Saturday, June 17, 2006

A Sabbath Eve Reflection

The Puritans were big on preparing for the Sabbath. They used Saturday evening to focus their minds and hearts for the coming day of the Lord. Prayer, meditative Scripture reading, and family worship, all played integral roles in weaning their minds and hearts away from worldly concerns. What they strived for was depth, a deeper communion with God in corporate worship that began in their private devotions.

Contrast that with today's view of the Sabbath. Most modern Christians don't maintain a view of the Sabbath at all. For them, merely showing up at church should earn them some brownie points with God. I have been repeatedly told by people to move the worship service back as early as possible in the morning, so that the whole day might not be wasted! How different is the Westminster Confession's teaching on the Sabbath: "This Sabbath is to be kept holy unto the Lord when men, after due preparing of their hearts, and ordering of their common affairs beforehand, do not only observe an holy rest all the day from their own works, words, and thoughts about their worldly employments and recreations, but also are take up the whole time in the public and private exercises of His worship, and in the duties of necessity and mercy" (21:8; emphasis mine).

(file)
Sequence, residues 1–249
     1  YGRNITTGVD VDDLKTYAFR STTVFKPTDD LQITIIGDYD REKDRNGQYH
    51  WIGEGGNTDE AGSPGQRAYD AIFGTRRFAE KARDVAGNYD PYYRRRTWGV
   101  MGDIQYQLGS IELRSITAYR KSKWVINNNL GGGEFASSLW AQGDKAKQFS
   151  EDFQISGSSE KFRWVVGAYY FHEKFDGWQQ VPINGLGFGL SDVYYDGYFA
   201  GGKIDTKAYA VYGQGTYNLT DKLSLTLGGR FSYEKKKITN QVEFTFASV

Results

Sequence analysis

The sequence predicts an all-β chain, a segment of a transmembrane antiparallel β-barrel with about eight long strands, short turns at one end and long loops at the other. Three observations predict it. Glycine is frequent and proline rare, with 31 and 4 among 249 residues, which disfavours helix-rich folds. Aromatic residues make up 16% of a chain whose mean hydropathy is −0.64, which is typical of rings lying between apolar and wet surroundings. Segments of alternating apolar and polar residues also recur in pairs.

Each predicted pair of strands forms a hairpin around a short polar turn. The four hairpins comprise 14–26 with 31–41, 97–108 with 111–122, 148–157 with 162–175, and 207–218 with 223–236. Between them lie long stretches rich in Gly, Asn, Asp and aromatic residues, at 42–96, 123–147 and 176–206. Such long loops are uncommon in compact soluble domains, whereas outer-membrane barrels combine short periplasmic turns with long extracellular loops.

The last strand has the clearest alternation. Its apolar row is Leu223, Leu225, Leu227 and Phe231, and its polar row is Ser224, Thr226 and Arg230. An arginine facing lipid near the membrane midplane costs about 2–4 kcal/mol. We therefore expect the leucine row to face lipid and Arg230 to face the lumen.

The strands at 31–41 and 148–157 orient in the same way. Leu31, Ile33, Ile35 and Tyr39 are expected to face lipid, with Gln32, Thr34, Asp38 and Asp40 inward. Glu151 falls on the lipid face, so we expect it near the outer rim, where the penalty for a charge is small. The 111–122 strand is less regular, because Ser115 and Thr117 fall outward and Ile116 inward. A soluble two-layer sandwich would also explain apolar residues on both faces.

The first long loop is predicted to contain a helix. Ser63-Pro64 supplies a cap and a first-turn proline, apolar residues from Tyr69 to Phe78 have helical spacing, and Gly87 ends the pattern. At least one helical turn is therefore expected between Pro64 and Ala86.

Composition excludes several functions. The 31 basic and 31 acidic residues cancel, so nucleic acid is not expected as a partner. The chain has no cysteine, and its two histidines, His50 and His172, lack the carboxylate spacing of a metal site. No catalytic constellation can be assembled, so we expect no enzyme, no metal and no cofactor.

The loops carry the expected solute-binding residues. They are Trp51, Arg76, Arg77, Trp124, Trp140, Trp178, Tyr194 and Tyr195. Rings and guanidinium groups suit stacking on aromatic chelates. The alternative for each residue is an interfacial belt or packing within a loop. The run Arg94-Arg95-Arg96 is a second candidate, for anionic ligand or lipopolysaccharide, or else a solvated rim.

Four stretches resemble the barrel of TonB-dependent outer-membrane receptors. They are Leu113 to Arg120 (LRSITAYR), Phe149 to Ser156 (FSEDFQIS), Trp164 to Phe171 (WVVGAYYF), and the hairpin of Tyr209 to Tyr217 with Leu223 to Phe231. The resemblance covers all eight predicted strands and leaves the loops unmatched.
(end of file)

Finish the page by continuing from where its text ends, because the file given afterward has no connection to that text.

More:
What are we doing with our Sabbath eves? our Saturday nights? What will our heart disposition be upon awakening tomorrow, and entering God's house for worship? Let us be still before the Lord, and prayerful, casting aside all of the world: its cares and allures, and spend time in a place apart with Christ. Perhaps if we do so, the next day's praise will seem brighter, the Word more relevant, and the preaching more affecting. In that precious book, The Valley of Vision, there is a prayer for Lord's Day Eve, which ends:

I pray to be clothed with humility,
to be quickened in the way,
to be more devoted to thee,
to keep the end of my life in view,
to be cured of the folly of delay and indecision,
and to know how frail I am,
to number my days and apply my heart
unto wisdom.


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